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Old 4th June 2001, 09:38 AM   #11
Alex M is offline Alex M  United Kingdom
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Rod Elliott has an excellent tutorial on heatsink design at

http://sound.au.com/heatsinks.htm

This, as far as I recall, includes a discussion on the
choice of heatsink material.

Alex
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Old 22nd June 2001, 08:57 PM   #12
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Talking Surplus to the rescue

I guess I lucked out. I walked into the local industrial metals supplier, and started finding out how much the sheet aluminum for heatsinks would cost. Then, I saw 3 sticks of Thermalloy 62725 (unfinished) in the 'scrap' bin (priced by the pound; all 3 were ~$1.50 per pound). I promptly bought all 3, and I now have 31 6.75" long by 9.75" wide heatsinks, and 1 13" long piece with some bent fins. Now I just need to sand the edges, deburr them, and have them black anodized.

Thermalloy's heatsink calculator gives me a thermal resistance of 0.48 deg. C/watt for these. I'll be using a copper heat spreader on the back, so the effective thremal resistance should be lower (line source vs. point source).

Thanks for all the information/help.
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Old 22nd June 2001, 09:10 PM   #13
grataku is offline grataku  United States
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You lucky Bastard!!!

I would have given you the 'other' finger but that wasn't available!
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Old 24th June 2001, 05:55 AM   #14
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Default Re: Thermal conductvity is not the whole picture

Yes Aluminum has a better emissivity than copper, and yet, copper has a better heat conductance. From my point of view, which is materials research at MIT, I think there is a practical compromise. One may use the emissivity of Aluminum by making a large surface area of Al, but embedding a sheet of copper across the inside of the assembly. So, the copper ( a thin sheet .025" ) will conduct the heat to a large bank of Aluminum fins with superior emissitivity. Thus, the best of both worlds...

Quote:
Originally posted by Petter
Aluminium has better "emissivity" (new word?) which means that a give surface area of Alu is better than that of copper all other things being equal. Therefore, a Copper heatsink can be made better if engineered properly, but this may not be tha case if it is the surface area favours Alu and conductivity in the metal is not the issue. For the Patriot, you should be able to use thinner sheets, and more of them to enhance thermal performance.

Copper is also very very dense (reads heavy), and quite costly. I have some busbars that I am planning to use in a power amp so I know what I am talking about! A given volume of copper will thus set you back perhaps as much as 10 times as much as that of Aluminium.

Machinability: Copper is much harder to work with.

Colour: Probably not much to choose between them except Alu can be anodized black with about 10% increase in performance.

Availability: Alu is much easier to find

Magnetic properties: Copper is better than Aluminim. This is probably because Alu is diamagnetic and as I recall Copper does not have this limited liability.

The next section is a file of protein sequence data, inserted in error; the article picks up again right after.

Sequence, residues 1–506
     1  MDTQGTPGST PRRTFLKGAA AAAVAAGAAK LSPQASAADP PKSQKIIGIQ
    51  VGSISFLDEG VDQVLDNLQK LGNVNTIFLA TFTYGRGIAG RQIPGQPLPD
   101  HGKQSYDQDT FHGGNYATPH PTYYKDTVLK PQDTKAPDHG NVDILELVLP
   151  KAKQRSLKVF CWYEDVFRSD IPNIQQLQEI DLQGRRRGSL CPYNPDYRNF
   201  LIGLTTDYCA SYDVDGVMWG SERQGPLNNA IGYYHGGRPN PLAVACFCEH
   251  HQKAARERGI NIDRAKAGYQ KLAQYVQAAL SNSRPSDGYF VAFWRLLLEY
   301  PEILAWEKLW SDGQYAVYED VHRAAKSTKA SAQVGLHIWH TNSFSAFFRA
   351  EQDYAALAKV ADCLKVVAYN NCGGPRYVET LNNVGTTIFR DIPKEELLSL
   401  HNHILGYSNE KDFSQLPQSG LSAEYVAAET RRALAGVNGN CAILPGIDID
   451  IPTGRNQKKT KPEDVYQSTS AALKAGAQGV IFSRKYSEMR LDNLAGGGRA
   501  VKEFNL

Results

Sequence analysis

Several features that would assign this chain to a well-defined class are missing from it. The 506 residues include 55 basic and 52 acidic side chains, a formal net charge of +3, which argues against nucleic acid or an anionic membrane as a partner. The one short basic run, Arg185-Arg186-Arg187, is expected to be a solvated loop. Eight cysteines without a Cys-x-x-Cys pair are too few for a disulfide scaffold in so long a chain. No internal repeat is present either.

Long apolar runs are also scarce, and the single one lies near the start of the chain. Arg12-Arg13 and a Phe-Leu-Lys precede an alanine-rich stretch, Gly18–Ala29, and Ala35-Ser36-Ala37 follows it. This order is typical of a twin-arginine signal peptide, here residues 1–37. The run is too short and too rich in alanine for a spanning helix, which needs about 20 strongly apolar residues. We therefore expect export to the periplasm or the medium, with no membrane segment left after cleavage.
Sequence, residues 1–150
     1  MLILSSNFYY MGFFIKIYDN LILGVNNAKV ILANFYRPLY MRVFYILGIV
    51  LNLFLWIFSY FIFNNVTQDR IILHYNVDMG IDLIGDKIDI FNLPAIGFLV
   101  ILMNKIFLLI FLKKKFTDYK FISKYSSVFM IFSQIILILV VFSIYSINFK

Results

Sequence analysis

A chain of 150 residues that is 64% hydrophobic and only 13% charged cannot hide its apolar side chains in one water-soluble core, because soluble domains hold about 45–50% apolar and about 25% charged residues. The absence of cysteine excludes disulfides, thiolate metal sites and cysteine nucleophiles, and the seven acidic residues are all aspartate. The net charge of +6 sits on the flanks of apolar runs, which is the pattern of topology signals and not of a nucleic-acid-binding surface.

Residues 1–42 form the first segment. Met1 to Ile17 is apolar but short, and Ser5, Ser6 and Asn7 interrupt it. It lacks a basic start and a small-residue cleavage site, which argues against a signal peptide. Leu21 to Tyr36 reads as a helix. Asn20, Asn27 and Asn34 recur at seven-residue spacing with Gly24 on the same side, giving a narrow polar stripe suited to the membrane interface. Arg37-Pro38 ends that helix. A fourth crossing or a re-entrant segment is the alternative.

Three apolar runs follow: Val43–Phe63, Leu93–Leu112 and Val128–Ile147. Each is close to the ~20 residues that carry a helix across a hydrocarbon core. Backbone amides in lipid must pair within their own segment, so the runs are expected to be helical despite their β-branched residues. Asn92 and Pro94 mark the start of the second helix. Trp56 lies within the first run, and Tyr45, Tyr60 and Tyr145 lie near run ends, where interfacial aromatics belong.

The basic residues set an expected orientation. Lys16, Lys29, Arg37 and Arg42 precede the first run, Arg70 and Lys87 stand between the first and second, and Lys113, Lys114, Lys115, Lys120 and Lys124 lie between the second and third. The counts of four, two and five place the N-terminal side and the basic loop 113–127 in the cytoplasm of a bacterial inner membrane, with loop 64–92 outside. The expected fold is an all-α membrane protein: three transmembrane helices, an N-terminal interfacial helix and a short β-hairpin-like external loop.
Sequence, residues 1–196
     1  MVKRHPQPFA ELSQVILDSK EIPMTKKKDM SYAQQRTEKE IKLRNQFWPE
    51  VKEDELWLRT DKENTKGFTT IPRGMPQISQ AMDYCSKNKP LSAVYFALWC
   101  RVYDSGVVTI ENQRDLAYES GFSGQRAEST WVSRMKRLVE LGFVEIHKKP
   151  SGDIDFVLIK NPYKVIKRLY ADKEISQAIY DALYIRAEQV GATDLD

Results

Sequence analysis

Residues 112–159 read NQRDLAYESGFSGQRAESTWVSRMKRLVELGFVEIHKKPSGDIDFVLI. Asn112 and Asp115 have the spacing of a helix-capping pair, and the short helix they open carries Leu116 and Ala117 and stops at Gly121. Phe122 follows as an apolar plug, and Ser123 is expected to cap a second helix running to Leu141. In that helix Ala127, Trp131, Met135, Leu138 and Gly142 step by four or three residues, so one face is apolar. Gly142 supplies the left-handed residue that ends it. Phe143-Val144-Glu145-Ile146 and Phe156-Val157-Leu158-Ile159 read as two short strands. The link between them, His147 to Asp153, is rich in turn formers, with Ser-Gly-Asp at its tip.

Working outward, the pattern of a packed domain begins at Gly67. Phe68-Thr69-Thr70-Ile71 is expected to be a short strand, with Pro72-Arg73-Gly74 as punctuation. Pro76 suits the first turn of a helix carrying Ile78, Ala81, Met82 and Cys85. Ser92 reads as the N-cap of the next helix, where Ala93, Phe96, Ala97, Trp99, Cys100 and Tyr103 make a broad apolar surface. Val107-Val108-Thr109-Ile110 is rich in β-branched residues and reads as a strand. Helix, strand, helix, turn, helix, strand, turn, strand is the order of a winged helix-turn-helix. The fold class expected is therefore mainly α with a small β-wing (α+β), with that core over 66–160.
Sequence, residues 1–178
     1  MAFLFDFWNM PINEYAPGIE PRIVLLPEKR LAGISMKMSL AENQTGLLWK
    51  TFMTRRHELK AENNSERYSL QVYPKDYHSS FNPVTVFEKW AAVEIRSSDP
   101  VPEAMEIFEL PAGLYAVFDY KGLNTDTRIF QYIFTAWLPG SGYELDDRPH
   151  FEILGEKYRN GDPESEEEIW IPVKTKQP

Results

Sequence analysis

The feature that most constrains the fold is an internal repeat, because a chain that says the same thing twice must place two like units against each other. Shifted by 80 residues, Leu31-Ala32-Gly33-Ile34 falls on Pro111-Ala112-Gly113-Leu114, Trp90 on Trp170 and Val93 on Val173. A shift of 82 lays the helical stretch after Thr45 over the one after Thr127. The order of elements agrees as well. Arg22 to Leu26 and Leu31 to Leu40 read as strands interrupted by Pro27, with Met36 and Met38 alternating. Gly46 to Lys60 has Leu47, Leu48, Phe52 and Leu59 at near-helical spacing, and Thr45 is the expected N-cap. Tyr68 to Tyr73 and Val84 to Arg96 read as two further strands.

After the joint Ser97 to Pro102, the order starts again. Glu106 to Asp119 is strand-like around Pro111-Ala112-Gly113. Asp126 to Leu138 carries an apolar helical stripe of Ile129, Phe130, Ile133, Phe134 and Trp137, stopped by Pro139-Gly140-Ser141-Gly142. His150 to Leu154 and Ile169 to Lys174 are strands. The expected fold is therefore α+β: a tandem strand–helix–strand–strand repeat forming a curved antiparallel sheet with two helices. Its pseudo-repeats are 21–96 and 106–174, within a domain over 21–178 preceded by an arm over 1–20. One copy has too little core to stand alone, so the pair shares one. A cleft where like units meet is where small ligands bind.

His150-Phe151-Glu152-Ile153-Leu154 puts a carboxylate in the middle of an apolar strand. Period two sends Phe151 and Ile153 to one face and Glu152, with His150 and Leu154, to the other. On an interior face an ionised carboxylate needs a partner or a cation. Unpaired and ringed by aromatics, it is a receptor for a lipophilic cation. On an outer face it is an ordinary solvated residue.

Sound: Due to magnetic properties above, Copper is generally considered to allow for better sounding equipment (ie cabinets made out of ...)

Looks, corrosion etc. -- consider for yourself what is best.

Petter
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Old 24th June 2001, 08:38 PM   #15
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Default Now that MIT materials are involved ....

Now that MIT materials are involved, it would be useful with some thoughts on material choice versus magnetic properties which should be much more of a general concern for DIY audio people than it currently seems to be.

With limited understanding of the issues, I believe magnetism of any type is a detriment to sound quality.

How do the "secondary" types of magnetism conceivably affect sound quality? (That is dimagnetic and paramagnetic. ferromagnetic properties are fairly well understood by laypeople)

I guess we can all safely assume there is some loss element involved? How do these factors work with the materials in question?

Petter
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Old 24th June 2001, 08:42 PM   #16
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Default Emissivity improvements

Can one improve emissivity by doing a surface etch, similar to the way electrolytic cap alu is etched to radically increase capacitance (surface area?)

If yes, how should such an etch be performed on Alu or Cu?

Petter
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Old 25th June 2001, 07:05 PM   #17
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Moby,

> One may use the emissivity of Aluminum by making a large
> surface area of Al, but embedding a sheet of copper across
> the inside of the assembly. So, the copper ( a thin sheet
> .025" ) will conduct the heat to a large bank of Aluminum
> fins with superior emissitivity.

Right. That's why I intend to use a copper heat spreader with the heatsink. The heat spreader I'm looking at is 3/16x3x8.5 copper for a single heatsink (3/16x3x18 for a double). It will be oriented perpendicular to the fins, and be centered on the back of the heatsink(s).

Petter,

> Can one improve emissivity by doing a surface etch,
> similar to the way electrolytic cap alu is etched to
> radically increase capacitance (surface area?)

The people I talked to about black anodizing said that with a smooth surface, the result would be slightly reflective. They suggested that the heatsink be bead blasted for a flatter finish.
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